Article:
A novel study published in the Journal of Family Psychology sheds light on why childhood friendships fall apart and is the first to demonstrate that parents are an important source of these breakups.
Looking at data from 1,523 children (766 boys) from grades one to six, researchers from Florida Atlantic University and the University of Jyvaskyla in Finland conducted a survival analysis to identify the characteristics of parents that predict the stability of their children’s friendships. The researchers examined mother and father reports of their own depressive symptoms and parenting styles and used these reports to predict the occurrence and timing of the dissolution of best friendships from the beginning to the end of elementary school (grades one to six).
The researchers assessed three commonly recognized parenting styles: behavioural control such as curfews and monitoring; psychological control such as shaming and guilt; and warmth and affection. They also assessed parental depression to disentangle the unique contributions of parenting styles from parent mental health difficulties known to shape parenting. Lastly, they assessed the children’s peer social status or how well-liked they are by other children to separate the effects of parenting from difficulties that children have getting along with peers.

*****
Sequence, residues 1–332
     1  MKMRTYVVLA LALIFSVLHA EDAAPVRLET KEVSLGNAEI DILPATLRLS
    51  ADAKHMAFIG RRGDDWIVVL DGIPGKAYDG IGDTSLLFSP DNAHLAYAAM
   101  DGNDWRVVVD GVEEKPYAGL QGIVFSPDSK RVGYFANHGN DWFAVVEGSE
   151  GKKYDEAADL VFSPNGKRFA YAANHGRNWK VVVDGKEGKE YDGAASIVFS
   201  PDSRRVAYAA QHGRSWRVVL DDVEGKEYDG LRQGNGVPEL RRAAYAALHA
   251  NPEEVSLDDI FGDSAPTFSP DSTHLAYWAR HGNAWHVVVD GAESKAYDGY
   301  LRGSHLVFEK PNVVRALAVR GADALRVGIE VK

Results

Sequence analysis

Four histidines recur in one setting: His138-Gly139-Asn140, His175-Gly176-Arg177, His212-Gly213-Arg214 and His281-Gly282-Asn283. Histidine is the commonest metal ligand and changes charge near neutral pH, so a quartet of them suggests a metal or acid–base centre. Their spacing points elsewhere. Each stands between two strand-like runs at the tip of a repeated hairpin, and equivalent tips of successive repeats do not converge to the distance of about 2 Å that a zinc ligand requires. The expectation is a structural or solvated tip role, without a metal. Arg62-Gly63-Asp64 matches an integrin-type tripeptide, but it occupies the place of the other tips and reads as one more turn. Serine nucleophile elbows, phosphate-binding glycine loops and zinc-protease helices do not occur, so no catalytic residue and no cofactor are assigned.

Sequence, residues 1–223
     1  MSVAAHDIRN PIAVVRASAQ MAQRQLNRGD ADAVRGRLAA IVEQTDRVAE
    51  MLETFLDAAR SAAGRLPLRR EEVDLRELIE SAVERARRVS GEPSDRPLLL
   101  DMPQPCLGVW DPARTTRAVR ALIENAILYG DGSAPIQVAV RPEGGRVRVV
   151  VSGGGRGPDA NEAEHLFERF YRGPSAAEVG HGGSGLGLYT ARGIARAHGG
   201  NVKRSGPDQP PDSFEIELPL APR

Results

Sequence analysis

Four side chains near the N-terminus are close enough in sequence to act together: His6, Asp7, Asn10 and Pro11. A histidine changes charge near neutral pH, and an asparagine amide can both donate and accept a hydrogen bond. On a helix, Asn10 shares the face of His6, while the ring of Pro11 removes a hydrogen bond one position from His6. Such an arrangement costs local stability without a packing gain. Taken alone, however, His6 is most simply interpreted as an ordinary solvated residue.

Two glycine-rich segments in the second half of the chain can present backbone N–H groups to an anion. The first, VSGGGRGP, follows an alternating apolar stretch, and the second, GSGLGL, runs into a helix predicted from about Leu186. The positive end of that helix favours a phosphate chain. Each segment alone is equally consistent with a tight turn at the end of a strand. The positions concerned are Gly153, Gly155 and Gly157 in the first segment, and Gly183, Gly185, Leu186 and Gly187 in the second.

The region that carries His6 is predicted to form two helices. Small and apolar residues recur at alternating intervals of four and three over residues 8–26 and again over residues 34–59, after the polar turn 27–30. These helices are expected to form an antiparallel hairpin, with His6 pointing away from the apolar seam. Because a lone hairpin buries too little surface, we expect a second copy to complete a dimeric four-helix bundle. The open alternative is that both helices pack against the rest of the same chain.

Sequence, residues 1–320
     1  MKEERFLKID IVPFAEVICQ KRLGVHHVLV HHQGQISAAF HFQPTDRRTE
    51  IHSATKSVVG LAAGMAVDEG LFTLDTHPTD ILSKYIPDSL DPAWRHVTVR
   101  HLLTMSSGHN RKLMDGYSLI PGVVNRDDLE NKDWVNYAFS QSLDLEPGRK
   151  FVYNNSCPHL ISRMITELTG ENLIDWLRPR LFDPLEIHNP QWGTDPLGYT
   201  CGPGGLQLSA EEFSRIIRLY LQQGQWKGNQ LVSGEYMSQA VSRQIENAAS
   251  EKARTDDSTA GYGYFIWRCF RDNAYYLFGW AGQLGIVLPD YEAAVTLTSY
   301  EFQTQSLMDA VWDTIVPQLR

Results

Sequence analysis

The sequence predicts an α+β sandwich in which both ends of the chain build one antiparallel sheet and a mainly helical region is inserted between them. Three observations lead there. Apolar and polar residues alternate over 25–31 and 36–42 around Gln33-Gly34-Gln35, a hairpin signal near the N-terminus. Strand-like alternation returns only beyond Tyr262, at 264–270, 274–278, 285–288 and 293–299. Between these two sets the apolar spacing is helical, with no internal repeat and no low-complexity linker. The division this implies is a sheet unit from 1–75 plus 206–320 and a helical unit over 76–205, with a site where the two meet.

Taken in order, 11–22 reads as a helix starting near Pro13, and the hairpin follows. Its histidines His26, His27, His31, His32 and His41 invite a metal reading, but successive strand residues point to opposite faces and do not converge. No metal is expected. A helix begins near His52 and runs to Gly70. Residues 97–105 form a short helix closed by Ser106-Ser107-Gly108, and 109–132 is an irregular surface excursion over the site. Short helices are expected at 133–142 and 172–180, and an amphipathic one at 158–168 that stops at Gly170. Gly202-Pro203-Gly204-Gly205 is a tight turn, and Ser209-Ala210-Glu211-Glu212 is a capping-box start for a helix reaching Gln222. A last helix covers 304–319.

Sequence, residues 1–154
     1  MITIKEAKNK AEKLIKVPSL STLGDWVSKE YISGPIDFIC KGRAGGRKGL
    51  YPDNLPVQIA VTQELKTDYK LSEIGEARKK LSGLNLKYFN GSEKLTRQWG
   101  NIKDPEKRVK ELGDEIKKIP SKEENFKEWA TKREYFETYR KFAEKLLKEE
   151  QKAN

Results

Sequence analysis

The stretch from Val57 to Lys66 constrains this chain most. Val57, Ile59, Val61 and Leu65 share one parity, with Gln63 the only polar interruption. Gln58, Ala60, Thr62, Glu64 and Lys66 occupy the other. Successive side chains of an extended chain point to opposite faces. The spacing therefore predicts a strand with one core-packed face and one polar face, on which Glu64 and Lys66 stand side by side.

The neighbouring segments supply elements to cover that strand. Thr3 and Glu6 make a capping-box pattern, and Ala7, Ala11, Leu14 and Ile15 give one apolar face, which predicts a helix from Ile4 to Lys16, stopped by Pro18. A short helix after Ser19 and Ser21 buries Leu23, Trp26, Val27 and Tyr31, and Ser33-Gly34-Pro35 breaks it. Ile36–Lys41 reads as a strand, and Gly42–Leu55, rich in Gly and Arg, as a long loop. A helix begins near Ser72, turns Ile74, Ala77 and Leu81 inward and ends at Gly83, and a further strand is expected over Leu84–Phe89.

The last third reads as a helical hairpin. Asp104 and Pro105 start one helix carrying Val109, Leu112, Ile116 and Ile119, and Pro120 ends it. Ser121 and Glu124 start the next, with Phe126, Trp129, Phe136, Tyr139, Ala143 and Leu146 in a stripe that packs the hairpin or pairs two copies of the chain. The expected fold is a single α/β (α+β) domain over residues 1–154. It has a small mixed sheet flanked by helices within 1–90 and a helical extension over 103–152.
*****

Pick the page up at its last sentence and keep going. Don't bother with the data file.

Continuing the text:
“We already know that peer status plays an important role in friendship outcomes. For example, well-liked children have more long-lasting relationships than do their classmates,” said Brett Laursen, Ph.D., co-author of the study and a professor and…
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